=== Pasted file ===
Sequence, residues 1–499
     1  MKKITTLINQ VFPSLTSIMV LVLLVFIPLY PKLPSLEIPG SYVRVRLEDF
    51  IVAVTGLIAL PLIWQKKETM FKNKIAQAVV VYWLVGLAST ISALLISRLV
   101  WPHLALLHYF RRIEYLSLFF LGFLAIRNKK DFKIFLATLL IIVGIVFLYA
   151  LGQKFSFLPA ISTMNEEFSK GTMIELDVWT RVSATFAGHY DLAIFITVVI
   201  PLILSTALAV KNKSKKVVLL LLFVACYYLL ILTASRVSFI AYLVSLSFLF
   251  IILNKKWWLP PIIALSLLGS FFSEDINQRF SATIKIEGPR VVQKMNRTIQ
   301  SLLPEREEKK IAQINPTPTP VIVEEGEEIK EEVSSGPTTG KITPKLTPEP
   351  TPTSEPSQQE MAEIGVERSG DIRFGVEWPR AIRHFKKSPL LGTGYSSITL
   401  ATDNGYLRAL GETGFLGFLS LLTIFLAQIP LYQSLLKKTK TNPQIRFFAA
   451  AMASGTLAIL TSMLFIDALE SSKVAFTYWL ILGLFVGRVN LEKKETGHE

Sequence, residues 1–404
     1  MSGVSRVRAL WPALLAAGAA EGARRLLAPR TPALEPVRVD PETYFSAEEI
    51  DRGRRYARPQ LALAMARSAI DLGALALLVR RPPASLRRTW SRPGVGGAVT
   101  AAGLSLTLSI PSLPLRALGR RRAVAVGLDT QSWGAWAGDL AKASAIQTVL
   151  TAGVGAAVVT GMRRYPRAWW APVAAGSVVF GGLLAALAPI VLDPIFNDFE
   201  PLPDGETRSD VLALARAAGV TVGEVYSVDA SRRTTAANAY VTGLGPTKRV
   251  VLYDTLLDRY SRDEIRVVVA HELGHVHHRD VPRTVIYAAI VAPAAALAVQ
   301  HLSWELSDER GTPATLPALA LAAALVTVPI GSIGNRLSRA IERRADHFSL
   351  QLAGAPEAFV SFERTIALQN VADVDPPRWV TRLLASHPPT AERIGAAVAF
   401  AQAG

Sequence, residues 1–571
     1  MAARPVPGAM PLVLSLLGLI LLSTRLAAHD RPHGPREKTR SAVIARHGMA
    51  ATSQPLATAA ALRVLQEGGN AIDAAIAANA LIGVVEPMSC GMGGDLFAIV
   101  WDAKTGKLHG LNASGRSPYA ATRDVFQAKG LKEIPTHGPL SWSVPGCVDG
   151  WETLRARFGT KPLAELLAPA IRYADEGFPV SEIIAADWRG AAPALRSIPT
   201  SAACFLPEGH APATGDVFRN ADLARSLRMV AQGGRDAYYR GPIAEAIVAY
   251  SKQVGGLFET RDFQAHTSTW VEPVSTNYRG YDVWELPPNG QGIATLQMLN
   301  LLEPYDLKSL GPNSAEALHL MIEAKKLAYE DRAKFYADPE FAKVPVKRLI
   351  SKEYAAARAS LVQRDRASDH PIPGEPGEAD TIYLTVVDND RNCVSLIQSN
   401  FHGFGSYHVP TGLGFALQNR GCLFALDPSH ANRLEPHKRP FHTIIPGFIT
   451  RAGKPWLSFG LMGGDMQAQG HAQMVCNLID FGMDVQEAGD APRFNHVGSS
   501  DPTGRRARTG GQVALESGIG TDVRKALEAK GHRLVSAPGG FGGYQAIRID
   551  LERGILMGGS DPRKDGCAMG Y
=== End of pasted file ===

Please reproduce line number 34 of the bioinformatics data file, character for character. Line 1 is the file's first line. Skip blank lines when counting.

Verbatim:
   551  LERGILMGGS DPRKDGCAMG Y